CMX v EJX (French Marriage Contract)  EWFC 136
Moor J considers the impact of a French Marriage Contract on a wife’s application for financial remedies, and comments on the use of actuarial reports to calculate pension sharing on the basis of equality of income in equal division cases.
The husband, aged 56, was French and the wife, aged 54, was French/Lebanese/ British. They were engaged in 1993 and married in 1994. Before the marriage in France (in June 1994) they signed a Marriage Contract which was a straightforward “separation de biens” contract. After marrying, they moved to London and had 3 children. The husband worked in finance and the wife worked in a senior capacity for a bottled water company, before making a success of her own business venture which she later sold for a significant amount of money. The marriage broke down in 2020 and the wife issued proceedings in this jurisdiction.
Total assets were £24.3 million of which pension assets were approximately £3.5 million. Almost all the liquid financial assets were held in the husband’s sole name. The wife’s case on the marriage contract was that the parties had pooled their financial resources in accordance with a shared vision that they would be as one. She said she had no legal advice in the run up to signing the contract save for one appointment at the office of the Notary. She did not recall any discussions about money earned during the marriage being excluded from division on divorce. There was no formal disclosure of either party’s resources. She had therefore understood that the Contract just excluded inherited resources. The judge rejected this case and accepted as more plausible the husband’s case that they both signed the Contract with full knowledge as to its ramifications. He was clear that the Radmacher test for upholding the Contract was satisfied and indicated that those who sign marriage contracts must understand that this is a significant step with very important consequences. These contracts will be enforced in France and will not simply be torn up in this jurisdiction. Having accepted that the Marriage Contract did exclude equal sharing, the judge went on to consider the two other limbs of the Miller/McFarlane test, namely compensation and needs. Given the significant resources available and the parties’ high standard of living during the marriage, these were assessed generously and completely. This provided her with an award of about £9.5 million, which would provide her with 3 properties, a pension fund of circa £1.4 million and a Duxbury fund of £2.09 million, plus her interest in a family property in France. This was 38.9% of the total assets and 44.56% of the liquid assets. Inherited / gifted assets were excluded from the calculation.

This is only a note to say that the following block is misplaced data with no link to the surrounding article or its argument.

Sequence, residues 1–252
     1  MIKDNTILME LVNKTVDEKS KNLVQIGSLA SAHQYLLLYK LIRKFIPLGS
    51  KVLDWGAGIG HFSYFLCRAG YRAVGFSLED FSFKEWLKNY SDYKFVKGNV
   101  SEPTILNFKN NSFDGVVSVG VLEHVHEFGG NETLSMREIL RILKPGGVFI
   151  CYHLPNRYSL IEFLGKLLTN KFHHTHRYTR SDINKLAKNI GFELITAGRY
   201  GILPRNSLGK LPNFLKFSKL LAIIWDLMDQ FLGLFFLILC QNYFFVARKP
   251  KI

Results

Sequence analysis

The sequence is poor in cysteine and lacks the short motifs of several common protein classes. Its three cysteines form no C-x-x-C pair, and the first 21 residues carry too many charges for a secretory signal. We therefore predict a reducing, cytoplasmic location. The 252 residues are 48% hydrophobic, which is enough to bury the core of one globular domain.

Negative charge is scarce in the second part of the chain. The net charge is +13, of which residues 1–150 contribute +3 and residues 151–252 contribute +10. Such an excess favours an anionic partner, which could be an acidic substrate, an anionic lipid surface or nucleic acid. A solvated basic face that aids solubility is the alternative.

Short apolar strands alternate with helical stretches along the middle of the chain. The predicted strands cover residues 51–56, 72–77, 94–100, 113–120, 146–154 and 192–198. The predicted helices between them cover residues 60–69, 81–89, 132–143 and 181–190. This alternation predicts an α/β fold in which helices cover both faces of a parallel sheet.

It is noteworthy that when considering pension sharing the judge said:
“In general there is no justification for awarding more to one party because they are younger or have a longer life expectancy… Moreover, in my experience, the only thing that can be said is that life hardly ever goes to plan, whether it be one party living far longer than expected or another remarrying immediately. It follows that I have become very troubled by directions that ask a pensions actuary to calculate a division on the basis of equality of income in retirement. Apart from the fact that such reports tend to be very expensive, the simple fact is that such a direction almost enshrines the Duxbury paradox into practice. It cannot be right, in general, that the younger you are, the greater your award. In any event, it has no place whatsoever in equal division cases.”
The judge had jurisdiction to deal with child maintenance for the youngest child, the father having been assessed at the maximum of £15,288 per annum. He decided follow the suggestion of Mostyn J in CB v KB  EWFC 78 to calculate the top-up by applying the same rate as the CMS for the income between £156,000 and £650,000 as this would produce a total award of £63,804 which was more than the wife had budgeted for the child. He awarded £25,000 excluding school fees and extras.